By Jackson Stoever
In our culture, turning 21 is a huge milestone and is considered an achievement for all adults. With the impending superpower of adulthood within my grasp, I will be able to (legally) fuel myself with alcohol and if questioned, whip out my junior operator’s license with a 17-year-old me on the front to prove that I am in fact, a big kid now.
With the COVID-19 restrictions in place on campus, I had prepared myself weeks before my birthday that it may not live up to the “hype” that a 21st birthday would normally have. I anticipated that my birthday would blend with every other day that has passed amidst the pandemic. I knew that I would be turning 21, but would it truly feel like I was? Don’t I need a massive celebration to accommodate for such a milestone?
Nevertheless, there I was on Thursday March 25 at 11:30 p.m. too excited to fall asleep. I had the same butterflies in my stomach that I have every year. You would think that after 20 birthdays I would be over it by now, but there is nothing like anticipation of turning a year older to get you all antsy. I laid awake, watching the time go by on my phone. In 30 minutes, I would be the first to congratulate myself on turning the infamous 21.
I did not make it to midnight.
I woke up the next day. March 26. My 21st birthday. The first few birthday texts had rolled in. Since God was holding onto my social media profiles for safe keeping during Lent, I had to leave the rest of the birthday wishes up to my imagination.
With my birthday residing during spring break each year, I was not accustomed to waking up early and groggily stumbling to my classes. Alas, just as I had survived 20 years of being me, I survived my weekly two-and-a-half-hour lecture on the bubonic plague.
Now that all that was out of the way, it was time for a birthday dinner of champions. Together, with a (small) party of seven, I made my way to my favorite restaurant, Texas Roadhouse. After patiently waiting in a very cramped car for our party to be called in, we were seated and given time to look over the menu. Within minutes, the waiter returned and asked for our selection of drinks.
This was the big moment. So many options were at my fingertips as I glanced through the menu at the brightly colored beverages. Without much thought, I settled for a “Kenny’s Cooler,” the most vibrant of the selection.
Part of me wants to say that I chose it for the contents, but the deciding factor was that it was blue.
When asked for a form of identification by the waiter, I proudly handed over my debit card. After a proper teasing from my table, I vocally proclaimed that I would get used to this process eventually.
Dinner was great. I felt the most “normal” since arriving on campus this year. At the end of the meal, in classic Texas Roadhouse fashion, the staff brought out a saddle, customary for all birthday celebrations. The concept of this saddle is simple. The birthday girl or boy hops up on the imaginary horse while the staff announces your birthday to the entire restaurant. From there, they proceed to make a big deal about the occasion as if it were your 21st birthday or something. The saddle was unusually comfortable.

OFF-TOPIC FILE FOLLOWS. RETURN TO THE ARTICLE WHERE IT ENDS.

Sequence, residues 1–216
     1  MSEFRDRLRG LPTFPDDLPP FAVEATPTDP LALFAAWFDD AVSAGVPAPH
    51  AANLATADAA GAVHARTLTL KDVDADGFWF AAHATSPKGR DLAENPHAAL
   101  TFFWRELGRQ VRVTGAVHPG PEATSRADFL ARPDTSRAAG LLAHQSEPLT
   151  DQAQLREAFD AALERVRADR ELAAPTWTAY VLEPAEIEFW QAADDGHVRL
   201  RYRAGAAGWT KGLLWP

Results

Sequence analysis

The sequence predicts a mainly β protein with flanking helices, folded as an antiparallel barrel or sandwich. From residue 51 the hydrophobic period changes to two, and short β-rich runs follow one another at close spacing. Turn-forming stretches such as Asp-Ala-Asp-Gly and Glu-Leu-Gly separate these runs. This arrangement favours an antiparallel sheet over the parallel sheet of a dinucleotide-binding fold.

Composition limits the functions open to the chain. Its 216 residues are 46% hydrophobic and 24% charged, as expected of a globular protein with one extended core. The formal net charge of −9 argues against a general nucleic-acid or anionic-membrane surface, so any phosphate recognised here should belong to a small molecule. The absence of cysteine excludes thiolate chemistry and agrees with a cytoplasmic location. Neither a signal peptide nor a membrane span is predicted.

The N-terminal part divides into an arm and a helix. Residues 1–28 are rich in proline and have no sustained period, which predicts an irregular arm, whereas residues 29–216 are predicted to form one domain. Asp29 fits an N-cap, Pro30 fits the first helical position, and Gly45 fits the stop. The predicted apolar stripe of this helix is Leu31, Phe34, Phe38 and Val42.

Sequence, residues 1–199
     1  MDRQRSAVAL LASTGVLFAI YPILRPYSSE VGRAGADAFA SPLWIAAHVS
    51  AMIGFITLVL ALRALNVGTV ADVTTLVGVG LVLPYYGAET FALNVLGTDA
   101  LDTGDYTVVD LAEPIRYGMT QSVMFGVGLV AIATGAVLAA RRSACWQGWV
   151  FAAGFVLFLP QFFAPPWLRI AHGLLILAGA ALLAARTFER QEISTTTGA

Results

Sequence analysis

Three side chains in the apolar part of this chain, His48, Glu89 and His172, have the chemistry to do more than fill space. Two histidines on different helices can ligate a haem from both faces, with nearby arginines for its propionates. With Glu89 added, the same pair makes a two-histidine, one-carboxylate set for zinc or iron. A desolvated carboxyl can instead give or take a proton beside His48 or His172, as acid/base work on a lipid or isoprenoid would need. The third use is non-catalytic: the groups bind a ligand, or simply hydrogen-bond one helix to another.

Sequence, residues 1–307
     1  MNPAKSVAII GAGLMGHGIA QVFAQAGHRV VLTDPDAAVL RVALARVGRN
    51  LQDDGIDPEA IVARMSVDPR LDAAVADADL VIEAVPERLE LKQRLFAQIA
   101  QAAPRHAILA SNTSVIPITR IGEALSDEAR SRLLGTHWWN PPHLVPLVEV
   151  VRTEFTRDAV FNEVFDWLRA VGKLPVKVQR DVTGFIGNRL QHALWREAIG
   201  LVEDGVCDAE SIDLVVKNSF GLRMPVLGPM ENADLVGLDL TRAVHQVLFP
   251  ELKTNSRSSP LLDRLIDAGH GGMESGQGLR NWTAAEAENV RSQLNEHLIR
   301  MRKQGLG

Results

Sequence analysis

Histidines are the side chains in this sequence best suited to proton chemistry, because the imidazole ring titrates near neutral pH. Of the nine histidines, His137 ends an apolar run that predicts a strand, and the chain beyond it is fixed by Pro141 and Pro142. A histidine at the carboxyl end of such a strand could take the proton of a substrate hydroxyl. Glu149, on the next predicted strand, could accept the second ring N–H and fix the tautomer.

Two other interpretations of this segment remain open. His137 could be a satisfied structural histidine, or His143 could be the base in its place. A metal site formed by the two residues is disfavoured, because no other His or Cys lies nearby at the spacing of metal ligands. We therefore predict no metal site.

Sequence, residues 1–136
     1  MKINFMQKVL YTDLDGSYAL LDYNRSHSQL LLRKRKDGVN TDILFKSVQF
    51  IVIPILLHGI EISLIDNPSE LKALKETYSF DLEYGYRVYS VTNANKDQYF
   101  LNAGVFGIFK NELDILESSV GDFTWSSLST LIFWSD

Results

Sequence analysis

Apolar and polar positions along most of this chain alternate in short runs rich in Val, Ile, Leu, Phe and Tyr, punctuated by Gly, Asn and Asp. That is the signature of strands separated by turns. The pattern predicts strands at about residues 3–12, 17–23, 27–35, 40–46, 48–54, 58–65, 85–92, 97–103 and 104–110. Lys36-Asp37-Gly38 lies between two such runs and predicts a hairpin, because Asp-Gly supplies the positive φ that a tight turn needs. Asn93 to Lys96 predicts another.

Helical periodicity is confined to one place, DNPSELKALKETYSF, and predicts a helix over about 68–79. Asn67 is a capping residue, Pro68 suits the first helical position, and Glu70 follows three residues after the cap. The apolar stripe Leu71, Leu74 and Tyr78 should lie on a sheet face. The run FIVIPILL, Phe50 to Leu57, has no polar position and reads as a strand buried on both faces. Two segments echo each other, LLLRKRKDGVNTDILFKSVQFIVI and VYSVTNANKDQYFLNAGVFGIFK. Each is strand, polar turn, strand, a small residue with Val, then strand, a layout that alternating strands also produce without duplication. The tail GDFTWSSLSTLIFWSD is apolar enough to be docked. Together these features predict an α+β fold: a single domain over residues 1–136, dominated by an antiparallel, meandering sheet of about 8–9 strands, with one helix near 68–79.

With COVID precautions in effect, the party slowly dwindled in numbers after dinner and I eventually found myself back in my room at a reasonable hour.
Admittingly, there was not a bad thing to be said about the night that ensued. I had expected a lackluster birthday; one that was to be celebrated virtually or even by myself. Though the safety of myself and my friends was always a concern, I did not find myself worrying about such problems the entire night.
The party did not end there.
The next day, my parents and girlfriend met up with me for the second installment of my birthday celebration. Upon arrival, I was gifted with their presence, and a carload of gifts and a fair share of snacks for those long nights. It felt good to follow through on a request from my mom that she had asked of me the night before.
“Don’t be hungover,” she texted.
It did not take long until the celebrating continued with a family lunch at Ken’s Pizzeria on Church Street in Burlington. Afterwards, we walked the crowded streets of Burlington, window-shopping for the sake of spending more time together. I was surprised to see the amount of people in the streets that day. It was as if the world suddenly opened back up after its extended time away.
When it finally came time for them to head home, I realized that my 21st birthday had finally come to a close. Though prolonged over two days, it felt more like one long day to me.
Despite the circumstances, it was the best birthday ever. This was the big one. The one to remember. There was no need for a massive party for that day to be remembered. There was no reason to black out after a long townhouse excursion. Not only was there no reason, but I simply did not find it necessary. With all the hype that this milestone brings with it, I felt as though I owed it to everyone who has ever been in my shoes to celebrate harder than I had ever before.
The day came and went in a heartbeat and I was satisfied. I feel as though having such a landmark of a birthday amidst a global pandemic made me aware of what truly matters.